One of these immunities is “qualified immunity” which was originally created to protect individual government officials from baseless lawsuits so they can do their work and avoid personal liability for honest mistakes, unless they act unreasonably or knowingly violate the law. However, in practice, this immunity has transformed into a sword that the government wields against civil rights plaintiffs to prevent accountability for police wrongdoing, and to shelter police officers from consequences of their illegal acts, no matter how reckless or extreme. Police officers subjected to misconduct lawsuits almost always raise qualified immunity as a defense.
That is why Judge Norman’s initial rulings that Officer Ruby did not have legal immunity and that a jury should decide whether police acted illegally were highly significant. These rulings set the stage for a fairer trial in the Gaines case – letting each side put on its evidence and leaving it to the jury to decide whether police engaged in civil rights violations.
Over the course of a three-week trial, the Gaines family put on compelling evidence, disputing the police version of events, and showing that Korryn’s killing and Kodi’s injury were unlawful. After hearing all the evidence the jury deliberated and found that – contrary to government claims – Officer Ruby acted unreasonably and Korryn was needlessly killed. To compensate the family for their irreparable loss, the jury awarded $38 million in damages. While nothing can ever make up for the loss of a loved one through police abuse, the verdict sounded a ringing victory, over tremendous odds, for police accountability.
But then, Judge Norman threw it all out. Backtracking on his prior rulings that police had failed to establish their immunity defense, and that the case should be decided by the jury, Judge Norman reversed course. Faced with the jury’s emphatic judgment that police had done wrong, he decreed the jury couldn’t be trusted after all. He said police should get immunity and the Gaines family should get nothing.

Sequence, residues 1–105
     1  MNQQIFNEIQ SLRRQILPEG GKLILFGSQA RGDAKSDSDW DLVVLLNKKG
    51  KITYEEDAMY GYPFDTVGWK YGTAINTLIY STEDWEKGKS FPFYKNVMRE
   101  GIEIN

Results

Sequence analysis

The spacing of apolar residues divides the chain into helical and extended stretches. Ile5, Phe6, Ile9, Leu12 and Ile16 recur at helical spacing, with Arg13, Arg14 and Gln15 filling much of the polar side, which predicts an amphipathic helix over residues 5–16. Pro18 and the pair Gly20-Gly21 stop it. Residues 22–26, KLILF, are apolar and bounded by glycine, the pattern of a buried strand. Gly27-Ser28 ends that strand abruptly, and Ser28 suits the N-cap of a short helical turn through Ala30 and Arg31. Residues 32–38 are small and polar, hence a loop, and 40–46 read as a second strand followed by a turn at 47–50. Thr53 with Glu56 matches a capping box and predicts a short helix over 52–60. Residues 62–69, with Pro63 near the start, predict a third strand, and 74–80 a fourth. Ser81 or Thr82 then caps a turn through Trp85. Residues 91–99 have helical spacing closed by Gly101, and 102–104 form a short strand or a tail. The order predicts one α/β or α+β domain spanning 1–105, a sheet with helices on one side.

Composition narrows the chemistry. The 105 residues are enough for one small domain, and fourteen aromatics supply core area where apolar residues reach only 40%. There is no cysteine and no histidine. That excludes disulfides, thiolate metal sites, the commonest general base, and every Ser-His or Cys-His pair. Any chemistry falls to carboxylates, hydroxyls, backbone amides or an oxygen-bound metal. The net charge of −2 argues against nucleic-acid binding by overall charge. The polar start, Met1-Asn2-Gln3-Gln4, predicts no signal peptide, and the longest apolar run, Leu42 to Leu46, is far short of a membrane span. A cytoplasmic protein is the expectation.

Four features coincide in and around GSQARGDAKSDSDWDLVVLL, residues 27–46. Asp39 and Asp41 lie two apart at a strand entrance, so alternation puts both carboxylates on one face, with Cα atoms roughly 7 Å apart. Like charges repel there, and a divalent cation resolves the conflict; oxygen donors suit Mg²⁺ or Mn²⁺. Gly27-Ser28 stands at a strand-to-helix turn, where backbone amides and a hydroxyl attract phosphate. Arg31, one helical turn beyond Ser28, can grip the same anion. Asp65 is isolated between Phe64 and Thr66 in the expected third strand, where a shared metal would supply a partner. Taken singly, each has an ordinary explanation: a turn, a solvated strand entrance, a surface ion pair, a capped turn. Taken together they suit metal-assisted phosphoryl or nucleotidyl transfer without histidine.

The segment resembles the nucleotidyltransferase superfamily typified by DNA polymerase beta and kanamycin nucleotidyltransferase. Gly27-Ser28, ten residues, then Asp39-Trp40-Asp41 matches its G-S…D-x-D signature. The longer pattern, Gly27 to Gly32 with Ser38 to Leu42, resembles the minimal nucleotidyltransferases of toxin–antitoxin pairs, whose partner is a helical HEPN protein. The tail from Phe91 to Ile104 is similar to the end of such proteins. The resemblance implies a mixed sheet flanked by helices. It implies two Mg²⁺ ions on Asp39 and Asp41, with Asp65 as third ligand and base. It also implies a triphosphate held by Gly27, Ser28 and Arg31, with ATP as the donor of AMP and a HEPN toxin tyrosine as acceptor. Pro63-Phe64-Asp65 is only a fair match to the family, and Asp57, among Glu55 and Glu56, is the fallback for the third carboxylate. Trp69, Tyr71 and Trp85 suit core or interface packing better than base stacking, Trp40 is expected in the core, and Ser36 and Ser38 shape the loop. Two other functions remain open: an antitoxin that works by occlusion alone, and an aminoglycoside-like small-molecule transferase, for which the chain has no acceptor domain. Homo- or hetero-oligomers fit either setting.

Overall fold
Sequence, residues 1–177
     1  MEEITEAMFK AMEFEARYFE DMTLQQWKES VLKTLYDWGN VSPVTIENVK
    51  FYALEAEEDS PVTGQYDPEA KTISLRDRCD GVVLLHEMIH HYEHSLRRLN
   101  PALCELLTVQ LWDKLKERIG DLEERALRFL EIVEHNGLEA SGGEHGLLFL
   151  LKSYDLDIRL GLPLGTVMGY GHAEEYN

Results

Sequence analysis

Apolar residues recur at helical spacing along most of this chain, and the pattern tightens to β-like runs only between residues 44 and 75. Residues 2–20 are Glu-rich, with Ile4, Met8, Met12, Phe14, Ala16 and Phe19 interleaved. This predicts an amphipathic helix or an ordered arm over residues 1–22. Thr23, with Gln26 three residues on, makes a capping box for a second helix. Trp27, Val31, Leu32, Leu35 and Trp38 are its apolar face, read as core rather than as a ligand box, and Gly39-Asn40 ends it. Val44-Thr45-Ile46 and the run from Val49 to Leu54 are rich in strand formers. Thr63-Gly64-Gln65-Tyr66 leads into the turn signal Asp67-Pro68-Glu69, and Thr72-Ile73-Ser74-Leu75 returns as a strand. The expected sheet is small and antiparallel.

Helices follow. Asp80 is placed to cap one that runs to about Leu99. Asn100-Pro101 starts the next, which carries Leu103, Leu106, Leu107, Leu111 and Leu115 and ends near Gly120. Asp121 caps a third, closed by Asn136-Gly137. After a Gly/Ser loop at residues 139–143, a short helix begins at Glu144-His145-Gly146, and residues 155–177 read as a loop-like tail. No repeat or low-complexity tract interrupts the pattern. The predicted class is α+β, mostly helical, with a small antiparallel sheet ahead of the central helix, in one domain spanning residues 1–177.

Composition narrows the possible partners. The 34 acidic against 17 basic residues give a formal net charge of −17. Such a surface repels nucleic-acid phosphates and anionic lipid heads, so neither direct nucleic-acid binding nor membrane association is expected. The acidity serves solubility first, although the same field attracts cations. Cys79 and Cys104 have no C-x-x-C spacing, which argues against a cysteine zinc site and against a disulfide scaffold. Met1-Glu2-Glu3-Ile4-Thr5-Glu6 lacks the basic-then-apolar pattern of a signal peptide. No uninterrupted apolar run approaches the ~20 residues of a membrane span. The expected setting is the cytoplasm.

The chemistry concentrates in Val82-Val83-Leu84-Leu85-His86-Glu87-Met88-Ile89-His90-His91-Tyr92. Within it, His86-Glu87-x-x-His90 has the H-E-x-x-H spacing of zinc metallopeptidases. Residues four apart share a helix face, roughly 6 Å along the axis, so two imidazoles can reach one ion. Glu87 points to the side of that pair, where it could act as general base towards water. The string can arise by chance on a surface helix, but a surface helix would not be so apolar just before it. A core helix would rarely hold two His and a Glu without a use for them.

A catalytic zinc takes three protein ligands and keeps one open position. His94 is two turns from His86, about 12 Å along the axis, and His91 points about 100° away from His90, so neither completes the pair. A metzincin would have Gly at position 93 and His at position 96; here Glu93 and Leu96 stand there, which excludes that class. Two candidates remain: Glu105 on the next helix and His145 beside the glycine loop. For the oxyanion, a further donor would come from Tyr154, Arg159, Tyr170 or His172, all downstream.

Thankfully, Judge Norman may not have the last word. The Gaines family, with support from the ACLU of Maryland, appealed and that appeal is now pending in the Maryland Court of Special Appeals. Earlier this month, a three-judge panel heard oral arguments in the case, and voiced significant concerns about the appropriateness of Judge Norman’s override of the jury’s verdict.
To the public, the Judge Norman’s reversal showed that Korryn’s life – Black lives – don’t matter.
A decision from Maryland’s appeals court to restore the Gaines family’s hard-won jury verdict would be a small step forward on the long road toward establishing trust in our court system to police the police. To the public, the Judge Norman’s reversal showed that Korryn’s life – Black lives – don’t matter. All that matters is defending police. This is exactly the opposite of the jury’s message.
Slowly and together, we will get rid of police violence and eradicate the relentless, echoing message about the lack of value placed on Black lives.
Read the ACLU of Maryland’s amicus brief in the Gaines case here.